If you'd care to give this one a 'go'....just click on the below link:

Hope you enjoy

Tuesday, December 27, 2011


Oh yes!!....we've probably all have heard of Lt. William Bligh and the "Mutiny on the HMS Bounty".....but really don't sell this guy short.....  I want you to all know ...this guy was an excellent 'seaman' and he had somewhat of a 'street-smart' skill in navigation.

Now you say, "Well there has been many that you can say that about......"  Tell you what....give this a is attention to the miles at sea that was traveled...the year.....and all this in an 'opened' boat....

Here is the link hope you enjoy.

Friday, December 23, 2011


The were called a lot of names, “Jeep Carriers,” and some referred to them as “Baby Flat Tops.” Early on the U.S. Navy designated the ships as (AVC’s), but later on that was changed to a designation of (CVE’s), which resulted in the “old salts” saying this designation stood for “Combustible, Vulnerable and Expendable.

This is not a long drawn out don't get into those types of subjects.  So if your into reading...a thumbnail of four pages on the basic history on these puppies.  So if you wish to give this a gander....well just click on the title:

Hope you enjoy

Tuesday, December 20, 2011


Oh yes....she had her problems....but regardless of that she was a great lady of the seas.  

This is a short thumbnail history of the ole girl........excellent pictures....and if your into 'ship histories' this is one you well need to keep for your record books

Just click on the link below to read:

Hope you enjoy the article

Monday, December 19, 2011


After the forced retirement of the American warships from the Philippines in late December 1941 the defense of Bataan and Corregidor had to be shouldered in its entirely by the ground troops, aided by a few patched-up planes which managed to survive the repeated Japanese assault from the skies. The gallant American and Philippine defenders - more than 60,000 of them -finally had to lay down their arms in surrender, after a bitter and stubborn resistance against hunger, disease, and an over powering enemy, but in doing so they added new glory and new luster to the U.S. Army.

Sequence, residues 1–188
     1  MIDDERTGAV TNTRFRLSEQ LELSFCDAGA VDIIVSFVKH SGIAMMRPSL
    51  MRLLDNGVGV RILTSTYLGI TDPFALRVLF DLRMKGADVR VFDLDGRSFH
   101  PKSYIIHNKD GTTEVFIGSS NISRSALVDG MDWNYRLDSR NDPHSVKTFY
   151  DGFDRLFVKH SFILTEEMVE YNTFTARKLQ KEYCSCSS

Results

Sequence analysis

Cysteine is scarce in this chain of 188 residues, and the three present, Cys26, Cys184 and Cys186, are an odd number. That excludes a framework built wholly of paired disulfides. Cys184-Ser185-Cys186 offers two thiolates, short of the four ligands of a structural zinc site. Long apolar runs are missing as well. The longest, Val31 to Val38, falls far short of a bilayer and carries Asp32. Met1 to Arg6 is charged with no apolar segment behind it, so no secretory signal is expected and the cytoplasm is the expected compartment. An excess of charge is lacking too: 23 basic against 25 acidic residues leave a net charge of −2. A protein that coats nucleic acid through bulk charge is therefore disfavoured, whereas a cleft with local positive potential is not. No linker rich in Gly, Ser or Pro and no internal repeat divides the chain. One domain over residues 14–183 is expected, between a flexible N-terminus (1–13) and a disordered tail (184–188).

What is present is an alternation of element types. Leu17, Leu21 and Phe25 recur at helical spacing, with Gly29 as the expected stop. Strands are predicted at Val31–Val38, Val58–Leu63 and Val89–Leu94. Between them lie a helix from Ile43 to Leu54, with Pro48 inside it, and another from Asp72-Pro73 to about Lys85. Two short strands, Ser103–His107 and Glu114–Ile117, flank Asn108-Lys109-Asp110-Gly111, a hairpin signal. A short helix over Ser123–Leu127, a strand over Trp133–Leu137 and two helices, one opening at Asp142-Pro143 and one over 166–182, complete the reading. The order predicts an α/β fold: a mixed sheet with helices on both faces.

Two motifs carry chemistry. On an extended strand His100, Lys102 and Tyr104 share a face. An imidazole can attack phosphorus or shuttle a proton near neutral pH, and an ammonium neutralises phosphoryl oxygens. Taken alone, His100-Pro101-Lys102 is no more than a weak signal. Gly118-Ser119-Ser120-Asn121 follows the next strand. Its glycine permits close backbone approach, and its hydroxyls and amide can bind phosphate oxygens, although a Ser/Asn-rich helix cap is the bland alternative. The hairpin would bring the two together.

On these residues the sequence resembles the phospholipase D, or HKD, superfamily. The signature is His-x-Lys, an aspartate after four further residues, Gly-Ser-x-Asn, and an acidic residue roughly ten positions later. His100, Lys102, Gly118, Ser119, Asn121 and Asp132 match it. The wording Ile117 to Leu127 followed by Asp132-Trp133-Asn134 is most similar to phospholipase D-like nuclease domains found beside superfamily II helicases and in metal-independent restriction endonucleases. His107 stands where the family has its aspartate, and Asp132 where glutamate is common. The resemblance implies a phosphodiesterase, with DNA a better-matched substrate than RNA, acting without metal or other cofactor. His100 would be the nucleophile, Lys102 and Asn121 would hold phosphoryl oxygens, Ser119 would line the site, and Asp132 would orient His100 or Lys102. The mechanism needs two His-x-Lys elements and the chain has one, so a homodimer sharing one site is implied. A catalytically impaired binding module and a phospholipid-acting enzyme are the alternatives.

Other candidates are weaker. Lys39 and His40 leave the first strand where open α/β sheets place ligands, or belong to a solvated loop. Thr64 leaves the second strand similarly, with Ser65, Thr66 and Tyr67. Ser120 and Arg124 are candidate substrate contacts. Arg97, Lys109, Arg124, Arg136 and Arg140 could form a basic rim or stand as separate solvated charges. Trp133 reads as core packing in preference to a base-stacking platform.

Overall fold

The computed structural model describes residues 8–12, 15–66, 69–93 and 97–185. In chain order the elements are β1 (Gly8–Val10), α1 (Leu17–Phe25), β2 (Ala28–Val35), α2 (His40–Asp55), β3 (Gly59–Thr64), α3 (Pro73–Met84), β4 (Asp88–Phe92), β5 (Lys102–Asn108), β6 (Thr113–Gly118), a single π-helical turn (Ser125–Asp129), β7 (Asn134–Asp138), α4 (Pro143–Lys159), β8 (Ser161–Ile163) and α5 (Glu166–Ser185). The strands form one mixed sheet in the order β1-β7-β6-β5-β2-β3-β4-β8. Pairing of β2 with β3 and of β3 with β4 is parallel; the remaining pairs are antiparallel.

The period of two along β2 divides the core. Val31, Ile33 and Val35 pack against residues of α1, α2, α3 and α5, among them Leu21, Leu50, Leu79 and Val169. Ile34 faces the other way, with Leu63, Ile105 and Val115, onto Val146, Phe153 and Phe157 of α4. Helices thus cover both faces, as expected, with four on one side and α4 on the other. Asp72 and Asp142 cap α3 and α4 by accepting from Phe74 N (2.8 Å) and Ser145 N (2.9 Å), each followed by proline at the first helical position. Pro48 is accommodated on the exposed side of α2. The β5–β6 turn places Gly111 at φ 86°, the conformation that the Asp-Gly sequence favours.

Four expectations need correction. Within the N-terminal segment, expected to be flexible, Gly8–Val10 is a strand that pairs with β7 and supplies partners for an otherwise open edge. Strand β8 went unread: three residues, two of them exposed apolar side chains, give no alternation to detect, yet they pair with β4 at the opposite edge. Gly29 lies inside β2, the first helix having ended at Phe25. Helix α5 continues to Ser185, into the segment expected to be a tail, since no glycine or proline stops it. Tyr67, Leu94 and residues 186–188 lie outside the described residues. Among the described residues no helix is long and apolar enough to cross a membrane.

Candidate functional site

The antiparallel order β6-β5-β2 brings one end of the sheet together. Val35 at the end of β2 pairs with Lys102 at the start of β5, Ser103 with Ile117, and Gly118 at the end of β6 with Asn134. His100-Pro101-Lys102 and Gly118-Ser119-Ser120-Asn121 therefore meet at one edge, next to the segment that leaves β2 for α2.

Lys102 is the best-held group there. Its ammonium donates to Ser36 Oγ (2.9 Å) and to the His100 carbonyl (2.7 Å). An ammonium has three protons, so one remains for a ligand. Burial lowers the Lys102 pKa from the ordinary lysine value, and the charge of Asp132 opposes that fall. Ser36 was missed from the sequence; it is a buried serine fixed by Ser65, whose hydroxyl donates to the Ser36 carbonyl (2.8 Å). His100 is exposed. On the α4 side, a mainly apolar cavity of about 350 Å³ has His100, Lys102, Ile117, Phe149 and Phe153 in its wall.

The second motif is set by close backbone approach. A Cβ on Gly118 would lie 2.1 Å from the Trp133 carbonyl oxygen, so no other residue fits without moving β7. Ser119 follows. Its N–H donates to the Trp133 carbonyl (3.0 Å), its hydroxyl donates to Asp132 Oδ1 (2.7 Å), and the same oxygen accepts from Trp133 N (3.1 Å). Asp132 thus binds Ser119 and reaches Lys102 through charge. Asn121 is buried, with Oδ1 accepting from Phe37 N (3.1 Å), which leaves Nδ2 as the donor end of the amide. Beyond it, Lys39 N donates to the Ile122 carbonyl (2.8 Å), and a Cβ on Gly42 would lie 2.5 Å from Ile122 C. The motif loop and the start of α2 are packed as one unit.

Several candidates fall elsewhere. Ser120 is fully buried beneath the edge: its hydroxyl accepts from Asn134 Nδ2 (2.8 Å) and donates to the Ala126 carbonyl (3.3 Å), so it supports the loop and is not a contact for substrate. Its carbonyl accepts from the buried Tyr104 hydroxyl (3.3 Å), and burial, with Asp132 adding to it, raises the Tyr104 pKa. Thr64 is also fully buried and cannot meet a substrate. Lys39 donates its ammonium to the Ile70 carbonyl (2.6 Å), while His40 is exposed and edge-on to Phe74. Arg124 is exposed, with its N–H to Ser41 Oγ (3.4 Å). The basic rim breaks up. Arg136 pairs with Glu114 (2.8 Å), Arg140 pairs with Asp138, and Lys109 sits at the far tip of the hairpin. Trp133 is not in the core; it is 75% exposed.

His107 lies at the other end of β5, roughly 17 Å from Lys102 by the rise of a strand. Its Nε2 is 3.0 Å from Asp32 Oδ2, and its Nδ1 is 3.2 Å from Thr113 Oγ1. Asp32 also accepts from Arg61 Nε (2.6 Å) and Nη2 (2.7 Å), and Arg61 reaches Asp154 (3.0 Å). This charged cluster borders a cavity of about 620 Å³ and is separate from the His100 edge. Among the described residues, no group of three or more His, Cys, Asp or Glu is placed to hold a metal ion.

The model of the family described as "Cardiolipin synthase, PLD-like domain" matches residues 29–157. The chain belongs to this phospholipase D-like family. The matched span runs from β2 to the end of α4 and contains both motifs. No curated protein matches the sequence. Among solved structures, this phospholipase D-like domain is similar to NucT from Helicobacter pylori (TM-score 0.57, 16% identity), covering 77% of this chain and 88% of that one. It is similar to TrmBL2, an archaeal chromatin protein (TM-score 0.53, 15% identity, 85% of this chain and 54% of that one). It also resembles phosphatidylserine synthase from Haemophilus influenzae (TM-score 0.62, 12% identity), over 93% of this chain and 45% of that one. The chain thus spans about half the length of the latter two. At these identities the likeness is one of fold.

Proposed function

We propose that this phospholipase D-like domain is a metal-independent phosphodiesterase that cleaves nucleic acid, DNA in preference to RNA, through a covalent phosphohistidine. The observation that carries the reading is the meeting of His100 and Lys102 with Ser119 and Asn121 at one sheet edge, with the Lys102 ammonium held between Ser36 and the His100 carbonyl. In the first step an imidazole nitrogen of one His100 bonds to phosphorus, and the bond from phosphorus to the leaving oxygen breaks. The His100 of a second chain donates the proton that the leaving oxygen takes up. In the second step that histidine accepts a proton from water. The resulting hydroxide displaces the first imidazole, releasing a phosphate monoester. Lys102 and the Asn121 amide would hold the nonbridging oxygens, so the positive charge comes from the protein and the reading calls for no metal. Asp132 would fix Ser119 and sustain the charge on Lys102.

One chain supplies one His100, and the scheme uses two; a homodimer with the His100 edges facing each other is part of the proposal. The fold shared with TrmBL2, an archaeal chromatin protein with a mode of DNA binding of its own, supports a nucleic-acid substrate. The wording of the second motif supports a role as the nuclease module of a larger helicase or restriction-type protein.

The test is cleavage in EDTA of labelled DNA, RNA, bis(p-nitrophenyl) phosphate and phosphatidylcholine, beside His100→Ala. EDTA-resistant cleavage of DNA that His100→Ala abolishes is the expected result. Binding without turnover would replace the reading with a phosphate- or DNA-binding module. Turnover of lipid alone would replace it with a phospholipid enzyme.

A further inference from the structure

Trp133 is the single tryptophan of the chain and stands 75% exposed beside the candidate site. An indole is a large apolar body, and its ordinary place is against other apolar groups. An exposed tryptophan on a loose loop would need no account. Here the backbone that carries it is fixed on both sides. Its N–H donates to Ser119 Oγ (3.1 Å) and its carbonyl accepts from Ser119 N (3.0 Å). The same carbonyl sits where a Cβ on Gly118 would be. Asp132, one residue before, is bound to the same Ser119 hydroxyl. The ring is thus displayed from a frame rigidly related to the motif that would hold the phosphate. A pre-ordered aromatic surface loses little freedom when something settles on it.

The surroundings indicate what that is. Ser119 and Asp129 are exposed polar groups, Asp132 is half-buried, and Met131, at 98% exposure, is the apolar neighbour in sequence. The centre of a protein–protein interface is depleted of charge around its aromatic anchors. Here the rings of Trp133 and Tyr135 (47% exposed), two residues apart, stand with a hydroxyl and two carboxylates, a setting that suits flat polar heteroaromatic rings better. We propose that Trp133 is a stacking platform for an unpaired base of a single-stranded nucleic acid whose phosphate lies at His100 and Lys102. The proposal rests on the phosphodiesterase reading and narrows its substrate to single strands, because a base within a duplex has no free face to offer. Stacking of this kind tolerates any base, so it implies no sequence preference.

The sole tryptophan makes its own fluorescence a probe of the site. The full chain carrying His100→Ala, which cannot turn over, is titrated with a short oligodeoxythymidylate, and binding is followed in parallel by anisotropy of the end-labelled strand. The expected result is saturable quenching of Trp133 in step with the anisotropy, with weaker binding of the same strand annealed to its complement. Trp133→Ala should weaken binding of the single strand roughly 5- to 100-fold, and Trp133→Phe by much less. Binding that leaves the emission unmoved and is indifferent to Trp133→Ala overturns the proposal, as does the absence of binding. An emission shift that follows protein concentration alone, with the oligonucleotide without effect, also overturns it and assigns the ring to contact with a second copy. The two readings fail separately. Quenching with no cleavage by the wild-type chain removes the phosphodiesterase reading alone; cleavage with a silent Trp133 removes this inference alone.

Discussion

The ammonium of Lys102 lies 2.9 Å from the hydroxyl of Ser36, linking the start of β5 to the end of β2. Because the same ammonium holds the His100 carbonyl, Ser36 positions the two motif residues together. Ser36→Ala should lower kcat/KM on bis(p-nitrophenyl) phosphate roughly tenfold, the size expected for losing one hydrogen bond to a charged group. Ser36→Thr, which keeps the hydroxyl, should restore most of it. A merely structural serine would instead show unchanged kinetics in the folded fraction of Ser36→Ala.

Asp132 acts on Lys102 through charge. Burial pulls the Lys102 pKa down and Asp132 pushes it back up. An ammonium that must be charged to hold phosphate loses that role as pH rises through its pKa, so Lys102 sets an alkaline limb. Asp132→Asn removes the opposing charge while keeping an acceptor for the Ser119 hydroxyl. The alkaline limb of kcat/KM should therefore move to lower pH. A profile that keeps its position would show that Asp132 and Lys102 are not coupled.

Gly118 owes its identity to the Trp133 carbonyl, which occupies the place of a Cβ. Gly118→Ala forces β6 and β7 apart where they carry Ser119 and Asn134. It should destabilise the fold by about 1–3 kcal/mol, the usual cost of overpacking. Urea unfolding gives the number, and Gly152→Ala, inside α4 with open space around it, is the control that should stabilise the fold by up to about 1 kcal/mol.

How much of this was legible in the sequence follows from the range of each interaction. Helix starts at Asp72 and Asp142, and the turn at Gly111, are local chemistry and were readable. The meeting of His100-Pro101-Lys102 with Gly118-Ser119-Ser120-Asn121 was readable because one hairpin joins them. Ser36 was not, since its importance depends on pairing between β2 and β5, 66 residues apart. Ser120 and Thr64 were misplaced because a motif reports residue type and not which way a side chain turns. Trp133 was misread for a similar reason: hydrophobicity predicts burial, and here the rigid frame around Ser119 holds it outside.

This is a "Two Part Article"  just click the link below to give this a go!!



Hope you enjoy the article.

Friday, December 16, 2011


This Liberty was named after Lawyer and social reformer Clarence Seward Darrow whom was the most famous and controversial defense attorney of the early twentieth century. He won unprecedented fame in momentous courtroom battles in which he championed the causes of labor, liberal social thought, and the use of scientific Criminology. His aggressive legal tactics, as well as his outspoken denunciations of industrial capitalism, political corruption, and popular religion, aroused animosities throughout his life. But in the end, his compassion for oppressed persons, as well as his winsome personality, compelled friends and foes alike to honor his unparalleled legal career as attorney for the damned.
The SS Clarence Darrow a Liberty ship freighter was built at California Shipbuilding Corp.  Here Keel was laid on April 30th 1943.  Lauched on May 23rd 1943 and Delivered on June 6th, 1943 to her operator: Matson Navigation Co.  Following postwar service she entered the James River Reserve Fleet on June 1, 1946 and then was withdrawn on March 1, 1947.

1947 (Apr.) the Clarence Darrow was sold to Det Forenede D/S A/S and was going to display the Denmark flag and the name was changed to Oregon.
1948 (Nov.) she was damaged by mine (near Emden).
1959 she was sold to White Cross Maritime, Ltd and would be displaying the Liberia flag and her name changed to White Cross.
1960 she was sold to United White Shipping Co., Ltd and would continue to display the Liberian flag and she would retain the name of White Cross.
1964 she was sold again to Century Shipping Lines, Inc. and displaying the Philippines flag and renamed Don Ramon.
1964 (Sept. 25th) she was heavily damaged by typhoon "Wilda" (Osaka), refloated October 4th, repaired, resumed service.
1965 she was to remain flying the Philippines but her name wast changed to Safe Philippine Anchorage.

Safe Philippine Anchorage

1968 (Nov. 26) she was purchased by the Shipbreakers, Kaohsiung, Taiwan.

Author: Bud Shortridge

Friday, December 9, 2011